Another tip to keep in mind is to look out for deals that are too good to be true. If you are not a frequent flyer and find a 50% off deal on an airplane ticket for the summertime, it’s probably a scam. Summer is peak traveling season after all, so expect general price increases in airplane tickets as well as other traveling expenses.

Before you commit to a booking, a good habit to get into is to research or look up reviews of travel agencies, companies, hotels, and even Airbnb hosts. All you have to do is type the hotel or company name into a search engine followed by the word ‘reviews’. If you don’t see any reviews, it could be a cause for concern.

And again, we recommend using a virtual private network, or VPN when you’re making online purchases to stay anonymous and keep your information private. Click here to read more about VPNs. To purchase NordVPN, our favourite VPN and the one we use here at FixMeStick, click here.


  1. pamela green -

    I had someone put a block on a page web site scammer he said we can help the same line, to call Microsoft with the number 1-855-823-0158 what I couldn’t understand I was able to still use the computer, so I call the number and recognized the voice he has been doing scams for a long time.

    • Linda -

      Hi Pamela, it looks like you were speaking with a tech support scammer! We’ve written about these tech support scams here. To find out Microsoft’s support number for your location, click here!

  2. Anonymous -

    In past years I’ve had a message suddenly show up on my computer telling me my computer was in danger of being hacked and then showing a phone number to call to prevent the hacking from taking place. I don’t know what triggered these messages from showing up on my screen but I was suspicious of what they would require to resolve the matter and didn’t call

    • Linda -

      Hi there, it sounds like you have popups on your computer that are designed to trick you into calling this scam phone number! You might come across popups when you’re surfing online. These advertisement windows block your screen, but they do not install anything on your computer. Since they don’t download, FixMeStick will not wipe them from your computer. However, we’re happy to give pointers of how to get them off your screen.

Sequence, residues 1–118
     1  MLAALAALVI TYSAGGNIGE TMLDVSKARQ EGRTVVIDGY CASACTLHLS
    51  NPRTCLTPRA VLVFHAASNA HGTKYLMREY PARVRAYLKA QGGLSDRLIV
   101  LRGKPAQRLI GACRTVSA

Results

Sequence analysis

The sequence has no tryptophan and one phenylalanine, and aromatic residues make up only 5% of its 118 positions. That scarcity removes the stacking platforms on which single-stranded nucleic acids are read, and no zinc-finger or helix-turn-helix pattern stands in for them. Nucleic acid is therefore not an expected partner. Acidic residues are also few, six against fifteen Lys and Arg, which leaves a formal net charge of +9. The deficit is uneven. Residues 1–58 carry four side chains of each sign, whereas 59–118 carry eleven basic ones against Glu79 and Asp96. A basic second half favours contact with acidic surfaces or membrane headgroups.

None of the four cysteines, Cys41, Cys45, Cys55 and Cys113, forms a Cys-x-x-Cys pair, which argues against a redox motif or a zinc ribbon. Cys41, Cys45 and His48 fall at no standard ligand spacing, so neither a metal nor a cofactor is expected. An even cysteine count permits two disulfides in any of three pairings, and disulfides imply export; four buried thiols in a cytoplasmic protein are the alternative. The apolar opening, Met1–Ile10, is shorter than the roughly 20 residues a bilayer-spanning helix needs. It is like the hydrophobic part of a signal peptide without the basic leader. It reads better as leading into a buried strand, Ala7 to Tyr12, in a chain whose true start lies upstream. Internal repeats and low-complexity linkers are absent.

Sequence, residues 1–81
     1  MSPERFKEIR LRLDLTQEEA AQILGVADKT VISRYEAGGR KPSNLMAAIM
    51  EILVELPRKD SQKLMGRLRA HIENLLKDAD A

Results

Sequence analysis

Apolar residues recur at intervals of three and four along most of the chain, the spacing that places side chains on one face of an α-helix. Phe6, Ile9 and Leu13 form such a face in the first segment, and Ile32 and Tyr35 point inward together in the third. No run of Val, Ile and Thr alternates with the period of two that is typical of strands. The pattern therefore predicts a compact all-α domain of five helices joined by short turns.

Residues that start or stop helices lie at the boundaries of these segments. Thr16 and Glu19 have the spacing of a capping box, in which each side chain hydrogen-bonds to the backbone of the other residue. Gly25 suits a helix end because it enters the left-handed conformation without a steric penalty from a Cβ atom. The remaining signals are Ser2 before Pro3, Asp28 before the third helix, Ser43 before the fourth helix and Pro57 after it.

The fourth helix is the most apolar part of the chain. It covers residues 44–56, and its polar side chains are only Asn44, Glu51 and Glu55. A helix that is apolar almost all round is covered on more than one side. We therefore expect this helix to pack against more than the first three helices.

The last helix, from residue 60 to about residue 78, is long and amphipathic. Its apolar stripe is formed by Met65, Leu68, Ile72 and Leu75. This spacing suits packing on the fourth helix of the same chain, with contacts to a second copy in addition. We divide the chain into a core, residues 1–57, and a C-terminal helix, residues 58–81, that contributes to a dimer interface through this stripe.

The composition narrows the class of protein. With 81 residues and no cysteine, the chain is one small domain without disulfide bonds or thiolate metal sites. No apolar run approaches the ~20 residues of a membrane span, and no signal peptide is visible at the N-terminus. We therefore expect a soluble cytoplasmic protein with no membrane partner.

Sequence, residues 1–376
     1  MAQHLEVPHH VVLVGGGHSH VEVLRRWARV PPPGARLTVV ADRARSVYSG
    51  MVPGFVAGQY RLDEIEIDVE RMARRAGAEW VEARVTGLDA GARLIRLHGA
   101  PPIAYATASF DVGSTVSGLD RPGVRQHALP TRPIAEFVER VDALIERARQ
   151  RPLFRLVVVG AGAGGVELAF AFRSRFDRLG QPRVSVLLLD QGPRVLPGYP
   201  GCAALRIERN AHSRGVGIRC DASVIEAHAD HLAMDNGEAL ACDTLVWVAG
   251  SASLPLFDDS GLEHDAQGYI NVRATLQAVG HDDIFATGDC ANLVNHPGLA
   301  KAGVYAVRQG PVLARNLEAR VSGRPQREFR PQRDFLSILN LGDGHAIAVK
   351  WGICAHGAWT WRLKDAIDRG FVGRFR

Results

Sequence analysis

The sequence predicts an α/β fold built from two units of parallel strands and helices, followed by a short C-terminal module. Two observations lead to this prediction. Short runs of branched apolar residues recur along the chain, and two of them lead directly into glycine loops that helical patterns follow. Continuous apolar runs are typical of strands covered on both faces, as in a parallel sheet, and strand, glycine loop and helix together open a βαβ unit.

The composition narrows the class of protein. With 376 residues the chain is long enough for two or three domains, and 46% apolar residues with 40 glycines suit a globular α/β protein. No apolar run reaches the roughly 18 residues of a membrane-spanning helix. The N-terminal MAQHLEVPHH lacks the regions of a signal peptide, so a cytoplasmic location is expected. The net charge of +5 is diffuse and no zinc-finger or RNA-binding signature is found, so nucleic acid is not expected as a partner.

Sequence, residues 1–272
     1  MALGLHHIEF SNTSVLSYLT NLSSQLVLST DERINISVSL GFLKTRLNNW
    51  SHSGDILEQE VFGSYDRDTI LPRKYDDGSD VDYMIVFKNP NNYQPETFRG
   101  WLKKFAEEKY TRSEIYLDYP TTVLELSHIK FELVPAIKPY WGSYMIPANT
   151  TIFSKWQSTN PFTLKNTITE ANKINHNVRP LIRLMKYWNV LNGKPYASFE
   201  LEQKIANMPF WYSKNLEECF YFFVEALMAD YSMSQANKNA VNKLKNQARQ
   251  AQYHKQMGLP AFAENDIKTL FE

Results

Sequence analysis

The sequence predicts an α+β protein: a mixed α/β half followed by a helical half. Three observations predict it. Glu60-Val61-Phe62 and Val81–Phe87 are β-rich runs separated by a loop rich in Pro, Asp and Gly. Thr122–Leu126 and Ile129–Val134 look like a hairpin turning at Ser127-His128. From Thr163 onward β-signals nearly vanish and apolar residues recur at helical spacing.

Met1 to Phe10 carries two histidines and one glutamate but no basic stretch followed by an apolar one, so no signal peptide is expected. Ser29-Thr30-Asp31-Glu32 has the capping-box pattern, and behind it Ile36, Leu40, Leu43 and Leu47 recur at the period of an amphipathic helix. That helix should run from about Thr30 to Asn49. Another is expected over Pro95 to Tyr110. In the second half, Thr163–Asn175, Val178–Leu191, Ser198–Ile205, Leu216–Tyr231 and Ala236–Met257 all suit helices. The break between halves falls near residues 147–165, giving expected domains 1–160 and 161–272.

Here’s a blog post of how to get rid of those jarring popups in Task Manager.

      We recommend you download a free adblocker. You can find one for your internet browser here.

    • Linda -

      Hi Chuck, VPNs are very different than FixMeSticks. The FixMeStick is a virus removal device, whereas a VPN does not remove viruses and simply provides a private internet connection for you to go connect to the internet. To learn more about VPNs, click here.

  3. Anonymous -

    I have a fix me stick alredy which I bought it from iether HSN or QVC. Can’t remember which one . I have used it on my desk top and now I want to use it on my HP EliteBook
    laptop but I am unable to. could you send me a directions to do so? What am I doing wrong?

    • Linda -

      Hi there, to start a FixMeStick scan, please follow these instructions here. If you are still having trouble with your FixMeStick, please send us an email to support@fixmestick.com and we will be able to assist you from there.

  4. Shelley -

    I have a fixmestick but have misplaced it, I still have the box and everything to identify the stick is it possible to get a replacement?

  5. Anonymous -

    Thanks for all the helpful hints. I feel much more secure with the fixmestick.
    Janice Wittcheck

  6. Anonymous -

    To Anonymous 2, FYI, it’s “either”,it may have been a slip of your fingers switching them,it happens now & then.

  7. virginia dygart -

    i have my fix me stick from a while ago is it still ok to use? i tried and it said i was not any good now is this something i have to buy each time?

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Comments are closed.